How Legs Help a Horse Race

Horses are the most beautiful creatures on the planet. Their bodies are sculpted in the most humane and symmetrical way, and their movement is hypnotic and fluid. And though some people criticize horse racing, arguing that it is inhumane and corrupted by doping and overbreeding, others believe the sport represents a pinnacle of achievement for the competitors.

Mary has written for Sports&Hobbies since 2009. She has a liberal arts degree from Goddard College and spends her free time reading, cooking, and exploring the great outdoors.

Aftalion, who is the director of EHESS’s Laboratory of Mathematical Sciences for Animal Behaviour, and her colleagues analyzed data from races run by the French National Racing Commission between 1996 and 2012. They found that winning horses employ strategies to maximize the energy output of muscles reliant on two different pathways: powerful aerobic ones that require oxygen, which can be in short supply during long-distance running, and anaerobic ones that don’t need oxygen but build up waste products that lead to fatigue.

The researchers also looked at how the horses used their limbs, and what kinds of obstacles they encountered on the course. They found that a horse’s limbs are used differently depending on the course and whether it is on dirt, turf, or grass. For example, on a turf course, the horses use their front limbs more often than on a dirt track.

On the dirt, the horses use their rear limbs more than on a turf course and their thoracic (chest) limbs more frequently than their axial (back and neck) limbs. A horse’s limbs are also used differently when the race is on a track that is muddy or dry. In addition, the researchers found that a horse’s trip—the path the rider takes—can have an effect on its performance. A good trip means the horse didn’t encounter any unusual difficulty; a bad trip may involve racing wide or being boxed in by other horses.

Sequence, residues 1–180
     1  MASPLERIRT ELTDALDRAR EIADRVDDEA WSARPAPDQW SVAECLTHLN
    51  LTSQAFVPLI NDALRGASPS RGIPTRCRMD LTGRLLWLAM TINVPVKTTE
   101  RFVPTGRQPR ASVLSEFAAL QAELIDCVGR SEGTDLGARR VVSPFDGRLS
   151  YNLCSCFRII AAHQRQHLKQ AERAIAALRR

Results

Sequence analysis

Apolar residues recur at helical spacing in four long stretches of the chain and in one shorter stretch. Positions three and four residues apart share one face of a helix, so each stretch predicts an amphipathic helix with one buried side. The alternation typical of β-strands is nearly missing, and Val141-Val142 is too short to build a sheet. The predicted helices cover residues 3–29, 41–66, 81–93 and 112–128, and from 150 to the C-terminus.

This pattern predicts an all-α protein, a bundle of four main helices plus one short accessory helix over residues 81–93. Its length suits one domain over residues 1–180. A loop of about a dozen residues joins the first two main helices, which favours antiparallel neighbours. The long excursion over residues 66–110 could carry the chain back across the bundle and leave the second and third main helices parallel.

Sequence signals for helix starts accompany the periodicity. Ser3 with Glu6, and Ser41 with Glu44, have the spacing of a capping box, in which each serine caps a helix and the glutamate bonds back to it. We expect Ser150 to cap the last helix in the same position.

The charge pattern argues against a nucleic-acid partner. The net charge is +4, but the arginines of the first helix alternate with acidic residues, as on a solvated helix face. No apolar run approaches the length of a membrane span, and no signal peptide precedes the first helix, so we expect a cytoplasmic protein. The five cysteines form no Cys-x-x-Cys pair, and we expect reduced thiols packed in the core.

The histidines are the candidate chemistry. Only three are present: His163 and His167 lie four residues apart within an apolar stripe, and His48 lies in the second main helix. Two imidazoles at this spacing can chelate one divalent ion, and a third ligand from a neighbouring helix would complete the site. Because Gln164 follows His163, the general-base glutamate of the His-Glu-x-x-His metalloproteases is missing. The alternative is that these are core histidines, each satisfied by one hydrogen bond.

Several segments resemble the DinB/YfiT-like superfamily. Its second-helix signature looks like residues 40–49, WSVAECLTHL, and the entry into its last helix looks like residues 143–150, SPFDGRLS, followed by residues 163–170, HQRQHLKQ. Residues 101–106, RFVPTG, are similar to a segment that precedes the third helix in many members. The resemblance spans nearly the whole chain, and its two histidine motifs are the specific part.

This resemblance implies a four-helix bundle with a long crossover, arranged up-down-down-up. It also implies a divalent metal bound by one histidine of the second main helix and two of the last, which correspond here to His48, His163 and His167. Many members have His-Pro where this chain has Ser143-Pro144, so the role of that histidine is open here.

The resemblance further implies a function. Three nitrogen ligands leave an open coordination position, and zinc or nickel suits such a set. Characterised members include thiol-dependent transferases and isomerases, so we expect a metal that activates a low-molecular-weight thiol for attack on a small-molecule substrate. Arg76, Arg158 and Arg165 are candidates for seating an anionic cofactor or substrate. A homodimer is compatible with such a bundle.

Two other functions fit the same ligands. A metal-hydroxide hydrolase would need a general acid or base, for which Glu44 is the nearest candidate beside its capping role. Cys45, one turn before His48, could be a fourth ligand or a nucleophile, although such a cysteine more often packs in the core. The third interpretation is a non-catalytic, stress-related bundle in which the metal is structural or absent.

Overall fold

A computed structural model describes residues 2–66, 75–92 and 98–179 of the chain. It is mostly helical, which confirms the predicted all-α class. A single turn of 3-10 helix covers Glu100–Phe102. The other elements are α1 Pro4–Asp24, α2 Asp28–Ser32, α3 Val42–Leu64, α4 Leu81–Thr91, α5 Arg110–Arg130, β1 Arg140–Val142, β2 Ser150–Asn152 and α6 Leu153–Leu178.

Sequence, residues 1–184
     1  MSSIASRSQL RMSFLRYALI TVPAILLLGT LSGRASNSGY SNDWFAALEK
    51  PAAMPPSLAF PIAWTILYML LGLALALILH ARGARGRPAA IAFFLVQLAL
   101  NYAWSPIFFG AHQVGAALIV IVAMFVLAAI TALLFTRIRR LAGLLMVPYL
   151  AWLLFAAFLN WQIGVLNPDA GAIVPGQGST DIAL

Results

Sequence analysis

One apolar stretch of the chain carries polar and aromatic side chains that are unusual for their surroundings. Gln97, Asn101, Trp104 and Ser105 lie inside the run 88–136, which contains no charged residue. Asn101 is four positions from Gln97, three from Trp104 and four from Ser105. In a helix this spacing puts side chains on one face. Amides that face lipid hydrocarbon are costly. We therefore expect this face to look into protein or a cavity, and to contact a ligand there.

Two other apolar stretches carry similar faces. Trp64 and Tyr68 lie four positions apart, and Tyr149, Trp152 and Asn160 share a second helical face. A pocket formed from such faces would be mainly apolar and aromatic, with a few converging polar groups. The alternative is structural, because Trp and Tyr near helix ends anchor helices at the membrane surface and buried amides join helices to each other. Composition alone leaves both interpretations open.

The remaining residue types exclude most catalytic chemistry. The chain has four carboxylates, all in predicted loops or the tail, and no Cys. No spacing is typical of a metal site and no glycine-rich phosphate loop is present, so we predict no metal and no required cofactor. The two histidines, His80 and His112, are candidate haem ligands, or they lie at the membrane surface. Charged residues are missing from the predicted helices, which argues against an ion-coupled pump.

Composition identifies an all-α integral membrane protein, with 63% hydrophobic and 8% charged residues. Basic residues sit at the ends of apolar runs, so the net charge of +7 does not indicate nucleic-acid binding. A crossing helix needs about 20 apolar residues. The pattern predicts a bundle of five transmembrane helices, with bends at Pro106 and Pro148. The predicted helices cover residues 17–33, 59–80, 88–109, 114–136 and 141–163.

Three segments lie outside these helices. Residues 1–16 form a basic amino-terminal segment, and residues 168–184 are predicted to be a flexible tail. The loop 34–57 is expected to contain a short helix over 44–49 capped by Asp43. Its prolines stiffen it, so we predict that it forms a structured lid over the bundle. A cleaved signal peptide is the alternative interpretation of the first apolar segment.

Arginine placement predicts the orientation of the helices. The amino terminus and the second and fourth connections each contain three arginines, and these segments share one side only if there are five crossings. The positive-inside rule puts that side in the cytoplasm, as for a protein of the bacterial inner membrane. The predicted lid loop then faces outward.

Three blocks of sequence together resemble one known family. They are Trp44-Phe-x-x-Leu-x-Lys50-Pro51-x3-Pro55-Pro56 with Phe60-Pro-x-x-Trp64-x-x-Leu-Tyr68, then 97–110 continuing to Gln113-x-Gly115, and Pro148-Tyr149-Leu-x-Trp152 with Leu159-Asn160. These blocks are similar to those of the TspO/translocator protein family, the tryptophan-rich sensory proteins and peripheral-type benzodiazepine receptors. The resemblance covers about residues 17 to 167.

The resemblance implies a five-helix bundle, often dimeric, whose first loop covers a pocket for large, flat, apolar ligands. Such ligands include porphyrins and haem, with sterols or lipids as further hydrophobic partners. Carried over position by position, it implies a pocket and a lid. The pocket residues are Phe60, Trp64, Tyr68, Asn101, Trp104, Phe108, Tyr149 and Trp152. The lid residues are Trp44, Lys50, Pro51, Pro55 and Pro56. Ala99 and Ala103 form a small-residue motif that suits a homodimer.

In the end, though, it is difficult to argue with the results of the research: Horses have improved dramatically over the past century, despite the fact that their inherent physical ability has remained the same. This improvement can be explained by common factors such as better nutrition and breeding, but a number of other more esoteric causes have been suggested.

Among them, are a reduction in the incidence of exercise-induced pulmonary hemorrhage and a more efficient use of the horse’s energy (through anaerobic pathways) by increasing the number of mitochondria in the skeletal muscles. The other major change has been a decrease in the amount of roaring, or whistling, produced during inhalation by the paralysis of nerves that control the muscle that elevates the arytenoid cartilages and opens the larynx. This can be caused by injury or illness, and is a significant handicapping factor.